1st Edition

Prom Night Youth, Schools and Popular Culture

By Amy L. Best Copyright 2000

    Best shows us that, while the prom is often trivialized, most kids take the prom seriously. The prom is a space where kids work through their understanding of authority, social class, gender norms, and multicultural schooling. Proms are more than just pictures and puffed sleeves--they are a mythic part of youth culture and, for better or worse, will always be a night to remember.

    Acknowledgments Chapter 1: Introduction: A Night to Remember Chapter 2: Coming of Age at the Prom: Adolescence and Popular Culture Chapter 3: Fashioning the Feminine: Dresses, Jewelry, Hair and More Chapter 4: Romancing the Prom: Boyfriends, Girlfriends and Just Friends Chapter 5: Prom Promises: Rules and Ruling: Proms as Sites of Social Control Chapter 6: The Divided Dance Floor: Race in School Chapter 7: Breaking Rules: Contesting the Prom Chapter 8: Conclusion: Learning to Listen Appendices Notes Referencesndex


    Best, Amy L.

    "[A]n important contribution to our understanding of girlculture and adolescence in 20th Century America." -- Joan Jacobs Brumberg, author of The Body Project
    "[C]harming and revealing. Best's depiction of the prom as the site of conflict between girls--deeply invested in romance, consumerism and the presentation of the body--and boys, for whom the prom is by and large a nuisance, is especially compelling. Prom Night is a good read--a bit like being at the prom with a sociologist on one arm, and a date on the other." -- William Graebner, author of Coming of Age in Buffalo: Youth and Authority in the Postwar Era
    "Rebels without a cause! Proms, as adolescent rites of passage and dress rehearsals for adult life, show us the limits of American conformity and resistance. Prom Night defrocks the high school prom by showing it as a site for the privileging of heterosexuality, whiteness, and class." -- Chrys Ingraham, author of White Weddings: Romancing Heterosexuality in Popular Culture
    "A stunning example of cultural analysis that both affirms and engages the experiences of young people in a society that rarely allows them to speak or represent themselves. In this brilliant work, Best reinvents how prom night is constituted as a site of struggle, resistance, and power. This is an important book and should be read by anyone concerned about youth and the crisis of democracy." -- Henry Giroux, author of Impure Acts: The Practical Politics of Cultural Studies
    "A serious look at a topic which, although often trivialized, continues to reverberate through our popular culture long after the party's over...Best reveal[s] how young people use this coming-of-age ritual to define themselves, and how they, in turn, are defined by it." -- Debbie Stoller, Editorial Director, BUST Magazine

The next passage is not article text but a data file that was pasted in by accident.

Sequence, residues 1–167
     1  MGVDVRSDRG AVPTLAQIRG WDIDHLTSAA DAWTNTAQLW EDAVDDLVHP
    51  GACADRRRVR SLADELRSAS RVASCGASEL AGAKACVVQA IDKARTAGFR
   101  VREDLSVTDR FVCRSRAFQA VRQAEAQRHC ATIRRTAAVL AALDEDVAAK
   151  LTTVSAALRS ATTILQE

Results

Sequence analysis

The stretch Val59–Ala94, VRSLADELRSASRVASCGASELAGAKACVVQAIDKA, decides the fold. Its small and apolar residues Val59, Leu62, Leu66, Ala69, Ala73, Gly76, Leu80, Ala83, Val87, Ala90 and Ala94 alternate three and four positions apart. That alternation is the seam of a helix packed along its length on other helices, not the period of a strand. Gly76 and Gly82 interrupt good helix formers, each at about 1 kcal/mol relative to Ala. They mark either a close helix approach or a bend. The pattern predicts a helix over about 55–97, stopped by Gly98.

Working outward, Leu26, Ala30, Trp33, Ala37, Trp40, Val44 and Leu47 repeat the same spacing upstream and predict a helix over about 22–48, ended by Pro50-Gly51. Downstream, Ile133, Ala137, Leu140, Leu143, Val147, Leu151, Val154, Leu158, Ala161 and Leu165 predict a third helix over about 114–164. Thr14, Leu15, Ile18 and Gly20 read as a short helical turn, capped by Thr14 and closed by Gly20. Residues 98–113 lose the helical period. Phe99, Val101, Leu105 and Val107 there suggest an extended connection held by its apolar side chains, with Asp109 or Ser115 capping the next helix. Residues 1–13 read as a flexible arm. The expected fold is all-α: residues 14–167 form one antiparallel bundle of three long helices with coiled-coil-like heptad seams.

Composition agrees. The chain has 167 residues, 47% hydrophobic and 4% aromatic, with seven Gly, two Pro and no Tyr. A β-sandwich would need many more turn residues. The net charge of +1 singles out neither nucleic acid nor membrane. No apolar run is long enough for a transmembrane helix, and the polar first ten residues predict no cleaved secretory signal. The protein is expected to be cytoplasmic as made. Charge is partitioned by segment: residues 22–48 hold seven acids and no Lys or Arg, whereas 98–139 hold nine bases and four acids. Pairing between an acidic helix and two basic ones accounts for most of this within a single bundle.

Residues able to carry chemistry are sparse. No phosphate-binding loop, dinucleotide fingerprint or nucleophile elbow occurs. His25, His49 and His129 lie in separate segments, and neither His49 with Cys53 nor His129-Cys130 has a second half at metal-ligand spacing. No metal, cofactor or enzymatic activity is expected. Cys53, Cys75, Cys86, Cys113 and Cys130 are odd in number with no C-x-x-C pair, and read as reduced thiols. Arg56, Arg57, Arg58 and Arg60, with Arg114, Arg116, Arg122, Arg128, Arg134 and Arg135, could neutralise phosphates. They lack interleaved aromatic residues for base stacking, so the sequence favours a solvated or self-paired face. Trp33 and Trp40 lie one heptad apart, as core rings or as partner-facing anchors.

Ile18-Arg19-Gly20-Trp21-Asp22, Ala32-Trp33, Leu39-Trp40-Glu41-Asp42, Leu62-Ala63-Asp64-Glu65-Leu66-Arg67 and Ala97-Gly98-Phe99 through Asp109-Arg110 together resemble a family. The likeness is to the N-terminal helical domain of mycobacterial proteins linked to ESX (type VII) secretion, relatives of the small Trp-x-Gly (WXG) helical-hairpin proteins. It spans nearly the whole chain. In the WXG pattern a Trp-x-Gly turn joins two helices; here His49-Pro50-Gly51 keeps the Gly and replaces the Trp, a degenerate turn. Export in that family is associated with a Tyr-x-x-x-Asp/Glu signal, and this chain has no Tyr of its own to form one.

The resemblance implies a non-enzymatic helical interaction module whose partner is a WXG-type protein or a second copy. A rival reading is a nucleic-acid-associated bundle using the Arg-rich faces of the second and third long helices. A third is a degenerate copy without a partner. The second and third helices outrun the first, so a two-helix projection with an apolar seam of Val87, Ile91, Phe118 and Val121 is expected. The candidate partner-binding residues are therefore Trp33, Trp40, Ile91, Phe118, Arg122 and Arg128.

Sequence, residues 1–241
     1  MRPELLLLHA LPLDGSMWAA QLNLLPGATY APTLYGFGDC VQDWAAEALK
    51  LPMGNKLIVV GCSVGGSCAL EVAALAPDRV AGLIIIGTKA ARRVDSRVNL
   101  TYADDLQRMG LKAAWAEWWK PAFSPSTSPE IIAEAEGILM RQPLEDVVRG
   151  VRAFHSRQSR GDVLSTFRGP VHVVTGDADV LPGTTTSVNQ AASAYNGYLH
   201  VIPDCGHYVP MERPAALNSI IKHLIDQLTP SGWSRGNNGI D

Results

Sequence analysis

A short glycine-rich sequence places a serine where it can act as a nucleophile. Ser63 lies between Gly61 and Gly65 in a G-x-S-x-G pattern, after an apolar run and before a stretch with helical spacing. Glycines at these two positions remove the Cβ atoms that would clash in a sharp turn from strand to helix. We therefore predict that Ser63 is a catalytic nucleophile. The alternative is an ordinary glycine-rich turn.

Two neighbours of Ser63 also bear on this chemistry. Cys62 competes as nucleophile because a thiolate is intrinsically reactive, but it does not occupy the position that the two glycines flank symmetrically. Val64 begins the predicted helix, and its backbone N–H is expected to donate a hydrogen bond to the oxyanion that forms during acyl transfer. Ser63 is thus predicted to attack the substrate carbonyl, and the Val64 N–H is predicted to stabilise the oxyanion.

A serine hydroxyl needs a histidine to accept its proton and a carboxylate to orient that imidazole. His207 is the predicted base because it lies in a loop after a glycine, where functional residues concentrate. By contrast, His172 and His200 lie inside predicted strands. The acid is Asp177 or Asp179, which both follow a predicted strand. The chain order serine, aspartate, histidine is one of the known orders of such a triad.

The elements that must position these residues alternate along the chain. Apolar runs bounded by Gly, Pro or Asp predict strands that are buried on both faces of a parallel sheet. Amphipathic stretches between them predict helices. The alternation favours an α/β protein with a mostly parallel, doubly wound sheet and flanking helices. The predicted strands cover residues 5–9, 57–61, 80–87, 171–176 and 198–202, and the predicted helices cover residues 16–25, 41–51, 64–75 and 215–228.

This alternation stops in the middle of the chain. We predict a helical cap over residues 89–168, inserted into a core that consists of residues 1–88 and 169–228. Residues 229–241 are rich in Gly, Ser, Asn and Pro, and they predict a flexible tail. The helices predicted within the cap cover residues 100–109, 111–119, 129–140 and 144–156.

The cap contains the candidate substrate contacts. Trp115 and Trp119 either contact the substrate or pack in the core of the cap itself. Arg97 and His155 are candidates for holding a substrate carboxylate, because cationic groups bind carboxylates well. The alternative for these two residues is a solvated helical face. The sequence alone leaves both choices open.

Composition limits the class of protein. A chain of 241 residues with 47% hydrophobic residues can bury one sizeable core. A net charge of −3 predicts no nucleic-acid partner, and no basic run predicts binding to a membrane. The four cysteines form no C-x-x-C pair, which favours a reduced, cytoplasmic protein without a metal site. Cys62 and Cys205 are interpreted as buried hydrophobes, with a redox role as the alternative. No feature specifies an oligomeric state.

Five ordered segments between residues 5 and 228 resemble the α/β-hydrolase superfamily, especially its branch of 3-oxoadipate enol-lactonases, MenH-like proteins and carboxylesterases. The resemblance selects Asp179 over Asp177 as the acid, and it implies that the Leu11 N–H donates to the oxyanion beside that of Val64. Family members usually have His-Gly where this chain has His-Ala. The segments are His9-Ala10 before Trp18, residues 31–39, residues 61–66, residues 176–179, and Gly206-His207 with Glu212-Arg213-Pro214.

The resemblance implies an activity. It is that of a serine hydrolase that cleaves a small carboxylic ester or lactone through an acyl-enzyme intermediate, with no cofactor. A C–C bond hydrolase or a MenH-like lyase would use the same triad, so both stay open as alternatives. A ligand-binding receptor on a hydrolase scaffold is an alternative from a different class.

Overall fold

"Best's study provides insight into the thoughts and dreams of today's youth." -- Booklist
    "Best provides an interesting sociological study of the prom experience that will find a home in American studies, women's studies, and sociology collections." -- Library of Congress
    "Explores prom's cultural significance --an event both dismissed as frivolous and heralded as an important coming-of-age rite." -- Orlando Sentinel
    "Recognized by marketing experts as a bonanza long before scholars realized its significance as a cultural indicator, the high school prom, with its complex commercialism, consumerism, and youth heirarchy, makes a fertile topic for Prom Night by sociology professor Amy Best. Thorough and engaging, Best examines proms held at four public high schools (covering the full socioeconomic spectrum), looking particularly at how they serve as 'the starting point for the formation of a youth politics' and what they about the educational system today." -- Publishers Weekly, 7/10/00
    "Written by a California Sociology professor, this book offers a cultural analysis of a night that reverberates with importance for many of today's high school students." -- Washington Times
    "Best's analysis of the prom not only challenges many of popular culture's characterizations of it, but also serves as an exploration of how youth are affected by adult power and consumer practices...Prom Night should be of interest, both substantively and conceptually, to a broad audience interested in young people." -- Contemporary Sociology
    "This book represents a rich terrain to study and teach about the ever changing gendered, commercialized, conflicted cultural tapestry we know as America." -- NWSA Journal